That’s because some of the people decisions we confront every day aren’t mathematical or subject to standard rules and procedures–they’re choices about other people, about feelings, and about our relationships. These concerns are fundamentally different, non-mechanical, and far more complex. People aren’t products, positions, or policies–they’re our co-workers, friends, and family. There’s no fixed formula for getting these things right.

So it’s equally incumbent upon us to decide what’s truly important in these interpersonal situations, both in the moment and in the long run, and to devote to them the same passion and energy we apply to our business problems and concerns. It’s a given that there’s never enough time in the day (and that’s never going to change); there’s never enough of any one of us to go around (cloning may help, someday); and it’s way too easy to find an excuse rather than finding the time to deal with these issues.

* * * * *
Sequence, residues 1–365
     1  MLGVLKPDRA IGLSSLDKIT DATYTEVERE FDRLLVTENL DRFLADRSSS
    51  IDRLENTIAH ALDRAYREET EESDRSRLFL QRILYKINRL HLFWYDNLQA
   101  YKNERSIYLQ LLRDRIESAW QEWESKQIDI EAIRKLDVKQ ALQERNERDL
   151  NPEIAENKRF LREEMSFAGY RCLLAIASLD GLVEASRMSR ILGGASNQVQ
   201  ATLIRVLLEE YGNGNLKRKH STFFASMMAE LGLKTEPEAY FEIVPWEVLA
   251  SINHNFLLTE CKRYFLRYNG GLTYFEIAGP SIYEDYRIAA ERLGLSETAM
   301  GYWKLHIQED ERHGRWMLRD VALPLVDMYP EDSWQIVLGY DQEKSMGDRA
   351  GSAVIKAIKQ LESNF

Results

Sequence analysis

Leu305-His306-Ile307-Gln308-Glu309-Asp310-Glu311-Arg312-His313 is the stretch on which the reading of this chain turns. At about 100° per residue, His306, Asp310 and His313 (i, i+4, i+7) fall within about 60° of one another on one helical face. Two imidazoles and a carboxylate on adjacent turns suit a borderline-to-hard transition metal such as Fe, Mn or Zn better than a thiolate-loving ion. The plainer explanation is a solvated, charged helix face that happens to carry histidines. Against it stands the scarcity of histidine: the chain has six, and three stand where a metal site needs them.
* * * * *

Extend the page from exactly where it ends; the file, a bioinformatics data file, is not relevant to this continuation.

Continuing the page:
But here’s the bottom line: Your family (when you have one) will be a much more important extension of yourself than any work you do. There’s always more work, but you only have one family. And, believe me, good friends are also few and far between. Friends are the family that you get to choose–they’re hard to find, even harder to leave, and impossible to forget. So, as you make ’em, make a plan to hang on to them. They’re as important an investment over time as anything else.

Take a little time now to decide how you’d like things to turn out when you look back in 50 years at your accomplishments, your family, and what you’ve built. It’s all right there before you. Everything is possible; ultimately, it’s all about what you make of it.